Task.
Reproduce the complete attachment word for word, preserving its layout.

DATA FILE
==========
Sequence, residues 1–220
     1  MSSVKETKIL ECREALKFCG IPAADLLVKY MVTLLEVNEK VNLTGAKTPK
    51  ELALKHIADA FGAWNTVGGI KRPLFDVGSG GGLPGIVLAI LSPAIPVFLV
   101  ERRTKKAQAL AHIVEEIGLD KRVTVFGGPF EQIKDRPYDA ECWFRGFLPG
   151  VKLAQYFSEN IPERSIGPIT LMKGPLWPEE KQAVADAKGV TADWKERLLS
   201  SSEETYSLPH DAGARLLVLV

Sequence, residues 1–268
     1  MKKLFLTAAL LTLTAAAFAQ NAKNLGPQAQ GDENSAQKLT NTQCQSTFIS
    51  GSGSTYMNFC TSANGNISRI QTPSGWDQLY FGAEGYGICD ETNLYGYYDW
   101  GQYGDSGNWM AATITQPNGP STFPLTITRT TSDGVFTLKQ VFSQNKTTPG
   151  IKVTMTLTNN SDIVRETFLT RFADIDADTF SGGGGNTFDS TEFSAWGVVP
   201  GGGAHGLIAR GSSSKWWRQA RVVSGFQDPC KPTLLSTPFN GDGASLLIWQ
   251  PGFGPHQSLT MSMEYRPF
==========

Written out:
Sequence, residues 1–220
     1  MSSVKETKIL ECREALKFCG IPAADLLVKY MVTLLEVNEK VNLTGAKTPK
    51  ELALKHIADA FGAWNTVGGI KRPLFDVGSG GGLPGIVLAI LSPAIPVFLV
   101  ERRTKKAQAL AHIVEEIGLD KRVTVFGGPF EQIKDRPYDA ECWFRGFLPG
   151  VKLAQYFSEN IPERSIGPIT LMKGPLWPEE KQAVADAKGV TADWKERLLS
   201  SSEETYSLPH DAGARLLVLV

Sequence, residues 1–268
     1  MKKLFLTAAL LTLTAAAFAQ NAKNLGPQAQ GDENSAQKLT NTQCQSTFIS
    51  GSGSTYMNFC TSANGNISRI QTPSGWDQLY FGAEGYGICD ETNLYGYYDW
   101  GQYGDSGNWM AATITQPNGP STFPLTITRT TSDGVFTLKQ VFSQNKTTPG
   151  IKVTMTLTNN SDIVRETFLT RFADIDADTF SGGGGNTFDS TEFSAWGVVP
   201  GGGAHGLIAR GSSSKWWRQA RVVSGFQDPC KPTLLSTPFN GDGASLLIWQ
   251  PGFGPHQSLT MSMEYRPF